We're all so busy--working, tending, taking care of the business of life and lives around us. Few of us are lucky enough to have all the time we want for creating and learning about our craft.
In this eBook, A Quilters Guide to Art Quilting Supplies and Tools, we’ve assembled advice and instruction on some quilt supplies that are optimal for the art quilter.
Novice quilters looking for their first big projects can be intimidated by elaborate patterns with complicated piecing. On the other hand, many beginner quilt patterns lack the wow factor that today's quilters crave.
Recently, a young colleague who is an expert in other crafts but had never quilted expressed an interest in learning how to quilt.
Mixed-media fiber artist Lesley Riley has been telling stories with photo quilts for many years. But recently I discovered her love of old photos and inspirational quotations began well before her art career, making picture quilts with image transfer techniques and digital imagery.
Most quilt artists have a good eye for color, pattern, and what goes together. If they didn't, they probably wouldn't be quilting. But when deciding how to make a patchwork quilt design, your fabric choices can make a big difference in how the overall design looks.
Anyone with a needle, thread, fabric, and batting can learn how to quilt. If you've been lured by pretty pieced pillows on Pinterest, or have some vintage family fabrics you'd like to make into a decorative display, or you've just always wanted to learn how to make quilts, there are many avenues for instruction.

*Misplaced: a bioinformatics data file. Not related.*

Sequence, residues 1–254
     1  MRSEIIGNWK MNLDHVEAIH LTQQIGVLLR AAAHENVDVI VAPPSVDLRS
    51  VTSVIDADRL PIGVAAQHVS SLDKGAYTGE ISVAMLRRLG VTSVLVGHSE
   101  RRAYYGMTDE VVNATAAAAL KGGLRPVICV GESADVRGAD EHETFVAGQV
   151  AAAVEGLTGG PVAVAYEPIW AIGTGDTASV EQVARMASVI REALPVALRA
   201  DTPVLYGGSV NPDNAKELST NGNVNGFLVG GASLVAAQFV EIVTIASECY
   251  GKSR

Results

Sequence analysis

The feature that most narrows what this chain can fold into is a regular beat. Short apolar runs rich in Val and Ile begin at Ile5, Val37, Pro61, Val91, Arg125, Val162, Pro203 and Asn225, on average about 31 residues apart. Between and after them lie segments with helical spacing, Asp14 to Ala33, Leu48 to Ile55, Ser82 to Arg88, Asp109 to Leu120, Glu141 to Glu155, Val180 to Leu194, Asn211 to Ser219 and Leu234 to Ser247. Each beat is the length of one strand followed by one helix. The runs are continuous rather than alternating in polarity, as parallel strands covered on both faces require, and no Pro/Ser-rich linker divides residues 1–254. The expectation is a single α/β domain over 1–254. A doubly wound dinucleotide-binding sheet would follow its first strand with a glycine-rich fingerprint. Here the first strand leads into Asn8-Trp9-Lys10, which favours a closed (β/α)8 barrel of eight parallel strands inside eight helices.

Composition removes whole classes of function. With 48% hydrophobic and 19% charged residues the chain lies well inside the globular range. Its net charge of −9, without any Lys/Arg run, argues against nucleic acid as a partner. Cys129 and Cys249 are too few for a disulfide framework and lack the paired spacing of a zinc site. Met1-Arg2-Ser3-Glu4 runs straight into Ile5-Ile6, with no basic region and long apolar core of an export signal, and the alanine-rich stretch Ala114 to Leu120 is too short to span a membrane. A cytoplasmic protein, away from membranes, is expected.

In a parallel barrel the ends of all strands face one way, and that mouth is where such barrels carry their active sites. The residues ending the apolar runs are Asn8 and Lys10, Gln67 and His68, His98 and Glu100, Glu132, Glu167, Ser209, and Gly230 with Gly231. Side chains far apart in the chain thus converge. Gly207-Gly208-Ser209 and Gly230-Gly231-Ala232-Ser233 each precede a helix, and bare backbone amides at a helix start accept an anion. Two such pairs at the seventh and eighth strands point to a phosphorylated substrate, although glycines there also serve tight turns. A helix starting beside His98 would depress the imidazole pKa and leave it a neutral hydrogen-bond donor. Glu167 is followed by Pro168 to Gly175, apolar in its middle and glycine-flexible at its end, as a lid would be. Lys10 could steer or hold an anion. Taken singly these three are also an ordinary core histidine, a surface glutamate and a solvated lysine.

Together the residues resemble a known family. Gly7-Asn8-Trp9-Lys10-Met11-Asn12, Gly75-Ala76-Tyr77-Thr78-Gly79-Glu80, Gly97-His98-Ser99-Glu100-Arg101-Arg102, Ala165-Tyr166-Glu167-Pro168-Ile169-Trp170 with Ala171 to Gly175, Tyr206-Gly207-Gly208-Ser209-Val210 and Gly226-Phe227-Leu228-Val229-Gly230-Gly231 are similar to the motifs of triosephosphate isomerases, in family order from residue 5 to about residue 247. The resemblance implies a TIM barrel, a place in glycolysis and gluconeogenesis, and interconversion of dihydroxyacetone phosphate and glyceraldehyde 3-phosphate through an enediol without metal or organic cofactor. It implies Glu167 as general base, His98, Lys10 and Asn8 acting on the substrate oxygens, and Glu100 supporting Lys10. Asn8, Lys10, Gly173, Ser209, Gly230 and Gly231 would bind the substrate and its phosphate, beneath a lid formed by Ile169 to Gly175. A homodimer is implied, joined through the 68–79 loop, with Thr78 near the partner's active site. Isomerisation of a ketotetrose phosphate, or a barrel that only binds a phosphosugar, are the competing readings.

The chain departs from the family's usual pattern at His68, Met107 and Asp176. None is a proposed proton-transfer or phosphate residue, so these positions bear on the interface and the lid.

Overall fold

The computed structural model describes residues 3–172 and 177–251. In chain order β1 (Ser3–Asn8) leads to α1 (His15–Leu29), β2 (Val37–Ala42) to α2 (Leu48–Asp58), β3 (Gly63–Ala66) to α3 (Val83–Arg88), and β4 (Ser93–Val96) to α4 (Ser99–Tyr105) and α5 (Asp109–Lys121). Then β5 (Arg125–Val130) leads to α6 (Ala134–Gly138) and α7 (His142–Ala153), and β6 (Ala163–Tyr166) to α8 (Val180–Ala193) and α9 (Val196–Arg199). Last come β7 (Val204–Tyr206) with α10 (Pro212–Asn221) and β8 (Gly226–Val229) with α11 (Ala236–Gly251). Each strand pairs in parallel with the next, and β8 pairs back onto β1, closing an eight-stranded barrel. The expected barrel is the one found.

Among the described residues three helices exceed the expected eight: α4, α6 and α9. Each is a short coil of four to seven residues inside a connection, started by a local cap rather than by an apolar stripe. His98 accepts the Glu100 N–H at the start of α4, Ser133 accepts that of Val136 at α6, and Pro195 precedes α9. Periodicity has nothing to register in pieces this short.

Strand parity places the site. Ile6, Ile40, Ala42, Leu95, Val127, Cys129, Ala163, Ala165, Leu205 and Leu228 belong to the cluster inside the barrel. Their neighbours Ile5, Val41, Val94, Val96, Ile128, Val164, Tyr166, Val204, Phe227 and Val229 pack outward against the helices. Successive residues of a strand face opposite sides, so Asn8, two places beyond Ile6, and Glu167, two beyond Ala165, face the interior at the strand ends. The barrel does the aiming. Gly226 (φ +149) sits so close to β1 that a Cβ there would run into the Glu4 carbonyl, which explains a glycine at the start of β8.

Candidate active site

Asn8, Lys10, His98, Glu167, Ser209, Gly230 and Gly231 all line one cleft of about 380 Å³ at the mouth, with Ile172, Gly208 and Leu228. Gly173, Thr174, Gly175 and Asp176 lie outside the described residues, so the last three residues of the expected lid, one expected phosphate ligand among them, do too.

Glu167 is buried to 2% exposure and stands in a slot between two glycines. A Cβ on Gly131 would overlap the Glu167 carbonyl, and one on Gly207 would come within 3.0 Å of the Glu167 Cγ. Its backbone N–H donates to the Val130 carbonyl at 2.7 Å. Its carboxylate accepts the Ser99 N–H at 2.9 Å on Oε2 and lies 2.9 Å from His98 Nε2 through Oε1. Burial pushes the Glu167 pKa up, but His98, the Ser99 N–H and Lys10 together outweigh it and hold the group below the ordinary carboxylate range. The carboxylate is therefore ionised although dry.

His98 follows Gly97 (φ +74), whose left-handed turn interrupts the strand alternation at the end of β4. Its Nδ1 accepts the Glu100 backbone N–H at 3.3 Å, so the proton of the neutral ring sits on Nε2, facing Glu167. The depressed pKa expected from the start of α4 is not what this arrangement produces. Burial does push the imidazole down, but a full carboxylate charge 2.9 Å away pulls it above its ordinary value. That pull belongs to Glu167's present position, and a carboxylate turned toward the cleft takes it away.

When you learn to quilt, the first lesson is that a quilt is made up of three elements: the top, the batting, and the backing fabric. Together they are known as a quilt sandwich.
If I told you to go to you LQS to get some PFD so you could finish your ATC you HST, would you know what I was talking about? Quilters use many abbreviations to communicate basic quilting terms.
My favorite work day is Tuesday, because that's when our office holds show-and-tell. Given the array of quilters, sewists, and mixed-media artists in our group (many of whom also knit, crochet, and make jewelry), you never know what to expect.
When finishing a quilt, most quilters add some sort of binding and--if the quilt will be displayed on a wall--a hanging sleeve. But many forgo a label. Why?
In the old days of making photo quilts, several years back, I felt lucky if I was able to achieve a decent image transfer, let alone worry much about cropping the image in an 'artistic' way.
Many people--me among them--admire Jane LaFazio's approach to quilt making. She has a way of combining hand stitching, machine stitching, surface design, mixed-media, and even machine needle felting to create beautiful and unusual pieces of fiber art.
Memory quilts can take many forms and fiber artists create them for many reasons. A memory quilt can be made with clothing, such as a t-shirt quilt or an art quilt that features fabric or even an entire garment from a loved one.